Do consumers really understand “native advertising” labeling?

There’s no question that “native advertising” – paid editorial content – has become a popular “go-to” marketing tactic. After all, it’s based on the time-tested notion that people don’t like advertising, and they’re more likely to pay attention to information that looks more like a news article than an ad.

Back in the days of print-only media, paid editorial placements were often labeled as “advertorials.” But these days we’re seeing a plethora of ways to label them – whether identified as “sponsored content,” “paid posts,” or using some kind of lead-in descriptor such as “presented by …”

Behind all of the verbal gymnastics is the notion that people may not easily distinguish native advertising from true editorial if the identification can be kept somewhat euphemistic. At the same time, the verbal “sleight of hand” raises concerns about the obfuscation that seems to be going on.

These dynamics have been tested. One such test, conducted several years ago by ad tech company TripleLift, used biometric eye-tracking to see how people would view the same piece of native advertising, that carries different disclosure labeling.

The results were revealing. Here are the percentages of participants who saw each ad, based on how the content was labeled:

  • Presented by” labeling: ~39% saw the content
  • “Sponsored by” labeling: ~29%
  • “Promoted by” labeling: ~26%
  • “Brought to you by” labeling: ~24%
  • “Advertisement” labeling: ~23%

Notice that the content that was labeled “advertisement” was noticed the least often. This provides yet more confirmation that people ignore ads.  When advertisers used softer/fuzzier terms like “presented by” and “sponsored by,” they achieved a bigger lift in the content being noticed.

It comes as little surprise that those same “presented by” and “sponsored by” labels are also the most potentially confusing to people regarding whether the item is paid content. And when people find out the truth, they tend to feel deceived.

Members of the Association of National Advertisers look at it the same way. In an ANA survey of its members conducted several years ago, two-thirds of the respondents agreed that there should be “clear disclosure” of native ads – even if there’s a lack of consensus regarding who should be responsible for the labeling or what constitutes “clear” disclosure.

Asked which labeling describes native ad disclosure “very well,” here’s what the ANA survey found:

  • “Advertisement”: 62% say this labeling describes native ad placements “very well”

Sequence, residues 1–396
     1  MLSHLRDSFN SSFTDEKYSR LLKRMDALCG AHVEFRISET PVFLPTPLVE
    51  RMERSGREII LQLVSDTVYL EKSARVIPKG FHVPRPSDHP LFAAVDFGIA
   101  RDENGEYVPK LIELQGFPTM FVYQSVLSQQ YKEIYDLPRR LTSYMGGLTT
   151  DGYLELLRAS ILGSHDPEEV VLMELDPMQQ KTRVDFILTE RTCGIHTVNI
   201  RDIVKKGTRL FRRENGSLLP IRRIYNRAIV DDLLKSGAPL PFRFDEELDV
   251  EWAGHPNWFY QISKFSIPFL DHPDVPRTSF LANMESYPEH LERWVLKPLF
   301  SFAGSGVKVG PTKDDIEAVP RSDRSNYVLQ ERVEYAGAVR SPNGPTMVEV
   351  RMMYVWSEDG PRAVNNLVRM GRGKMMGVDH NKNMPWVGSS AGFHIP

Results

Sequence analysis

• “Paid content”: 37%
  • “Paid posts”: 34%
  • “Sponsored by”: 31%
  • “Native advertising”: 12%
  • “Presented by”: 11%
  • “Promoted by”: 11%
  • “Branded content”: 8%
  • “Featured partner”: 8%

Considering that the findings are all over the map, it would be nice if a universal method of disclosure could be devised. But the language that’s agreed upon shouldn’t scare away readers, since in so many cases native advertising isn’t directly pitching a product or service.  Labeling such content “advertising” would be as much of a misnomer as failing to divulge the company paying for the placement.

My personal preference for adopting consistent labeling language among the options above would be “Sponsored by …”  What’s yours?

2 thoughts on “Do consumers really understand “native advertising” labeling?

  1. “Sponsored by….” sounds about right.

    Advertising always has to walk a fine line between “You’re an idiot, and we need to trick you …” and “You’re ignorant, and you need to know this …”

    Almost all advertising, in other words, is essentially insulting. Product promotion is necessary to make the wheels go round, to inform people that something helpful to them even exists, But it’s also an intrusion. If advertising merely represented information, consumers would look to an almanac. Almanacs don’t play games of one-upmanship. Advertisers do.

    So do it nicely. Distract us with humor, if you must. But don’t twist language to make us hate you.

  2. “Paid content” is the most truthful label for native advertising, in my opinion, even though it’s a little less forgiving than “sponsored by” from the advertiser’s point of view..

    “Sponsored by” is a broader disclosure which includes not only paid editorial content, but also advertising not incorporated into the content, as in “Days of Our Lives is sponsored by Ivory Soap” — unless, of course, Ivory Soap props are on prominent display, in which case we’re talking about “product placement” (a.k.a. “embedded marketing”).

    Call me a cynic, but news, opinion and entertainment content freely created without advertiser influence is so rare these days that most everything passed off as objective, artistic or competitive in the media ought by rights to be labeled “paid content” or “embedded marketing.”

    It’s the price we consumers pay for our increasing unwillingness to compensate authors, artistes and sportsmen (sportspersons??) directly for their efforts.

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